The pro-regime parliament plays a key role in facilitating these developments. In fact, some analysts have suggested that Kuwait’s democratic system has previously prevented it from enjoying the economic success of its authoritarian neighbors. From that point of view, Kuwait’s silencing of the opposition has thus far allowed it to reach a newfound consensus on certain questions of economic policy where conflicting positions had previously made achieving a unified vision impossible.

Reasons to be cautious

One would be forgiven for interpreting recent developments as an unqualified green light for investment in Kuwait. In fact, the sentencing of Al-Barrak and the trend toward political repression casts a shadow on this rosy picture. The outcome of Al-Barrak’s appeal this month and the June ruling on the legality of the altered election law will chart the course for Kuwaiti politics. If the court lets Al-Barrak go free, it will effectively give greater voice to the opposition. Meanwhile, a reversal of the election law would disrupt the current alignment of interests between the National Assembly and the emir, thus potentially stalling business efforts. The return of critics to parliament could lead to further hold-ups, such as corruption investigations and measures against privatization. Al-Barrak and his Popular Action Bloc have been known to favor doing business with Kuwaiti companies.

On the other hand, if the courts uphold Al-Barrak’s jail sentence and maintain the election law, it would entrench the regime’s stance against its detractors. While this might allow business efforts to move forward, it would give birth to a more explosive opposition that would take to the streets and potentially become violent. Investment in this case would come with the trade-off of turning a blind eye to what Amnesty International characterizes as human rights violations: curtailing the freedom of expression and locking up outspoken critics.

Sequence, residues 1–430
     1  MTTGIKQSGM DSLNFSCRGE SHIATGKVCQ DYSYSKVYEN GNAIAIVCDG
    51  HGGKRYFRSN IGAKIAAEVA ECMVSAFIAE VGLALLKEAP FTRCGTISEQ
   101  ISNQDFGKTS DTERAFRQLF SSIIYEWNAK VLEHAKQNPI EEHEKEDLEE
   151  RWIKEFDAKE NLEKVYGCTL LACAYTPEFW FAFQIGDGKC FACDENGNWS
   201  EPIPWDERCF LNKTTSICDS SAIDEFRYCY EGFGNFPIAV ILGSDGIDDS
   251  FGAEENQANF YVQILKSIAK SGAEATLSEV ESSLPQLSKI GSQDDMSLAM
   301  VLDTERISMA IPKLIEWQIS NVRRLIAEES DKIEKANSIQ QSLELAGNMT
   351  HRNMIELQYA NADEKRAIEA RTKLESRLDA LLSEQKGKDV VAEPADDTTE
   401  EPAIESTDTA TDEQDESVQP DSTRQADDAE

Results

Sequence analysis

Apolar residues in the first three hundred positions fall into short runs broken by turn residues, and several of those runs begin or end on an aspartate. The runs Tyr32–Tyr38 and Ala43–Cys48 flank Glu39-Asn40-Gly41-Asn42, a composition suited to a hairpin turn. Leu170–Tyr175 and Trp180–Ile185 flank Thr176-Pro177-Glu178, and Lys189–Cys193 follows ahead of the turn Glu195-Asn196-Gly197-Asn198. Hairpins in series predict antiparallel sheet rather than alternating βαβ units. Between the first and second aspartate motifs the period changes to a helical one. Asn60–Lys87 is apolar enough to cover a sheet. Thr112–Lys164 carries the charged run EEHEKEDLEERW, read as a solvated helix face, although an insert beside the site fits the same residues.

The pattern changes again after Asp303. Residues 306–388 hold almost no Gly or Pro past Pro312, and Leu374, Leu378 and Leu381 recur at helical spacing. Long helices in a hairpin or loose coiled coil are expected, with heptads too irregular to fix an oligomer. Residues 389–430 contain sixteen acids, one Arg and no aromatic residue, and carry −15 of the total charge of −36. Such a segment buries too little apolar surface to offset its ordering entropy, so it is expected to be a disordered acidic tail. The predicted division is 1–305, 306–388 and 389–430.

What is more, there remains a risk that familiar obstacles may resurface and undermine the avowed commitment to privatization and foreign investment. One should not ignore the track record: the Financial Times reports that less than one third of the KDP is on track to be completed by the target date of 2014. The bureaucracy that has contributed to that slow-going will not disappear overnight. And despite the government’s proclaimed commitment to expanding the private sector, economic incentives might push workers in the opposite direction. To quell increasing demands by the people, the regime has continued to fatten pay for jobs in the public sector, effectively discouraging work in private enterprise. Meanwhile, a healthy degree of skepticism may be in order regarding legal measures meant to reduce red tape for foreign investors, as previous privatization pledges have fallen short. After all, according the IMF, foreign investment between 2005 and 2011 was below 1 percent of GDP (compared to a GCC average of 6 percent). The sureness of return on investment also remains in question as The Investment Dar, a Kuwaiti private equity group, remains tangled up in a debt restructuring plan that resulted from its 2009 default on a $100 million bond issue.

Evidently, Kuwait’s situation is not clear-cut. While the concerns outlined above loom in the background, there is a chance that the commerce-friendly environment will last. The business community should keep its eye on the upcoming court decisions, and whether or not the laws designed to attract foreign investment take shape as promised. The final verdict: it is a flashing yellow light—proceed with caution.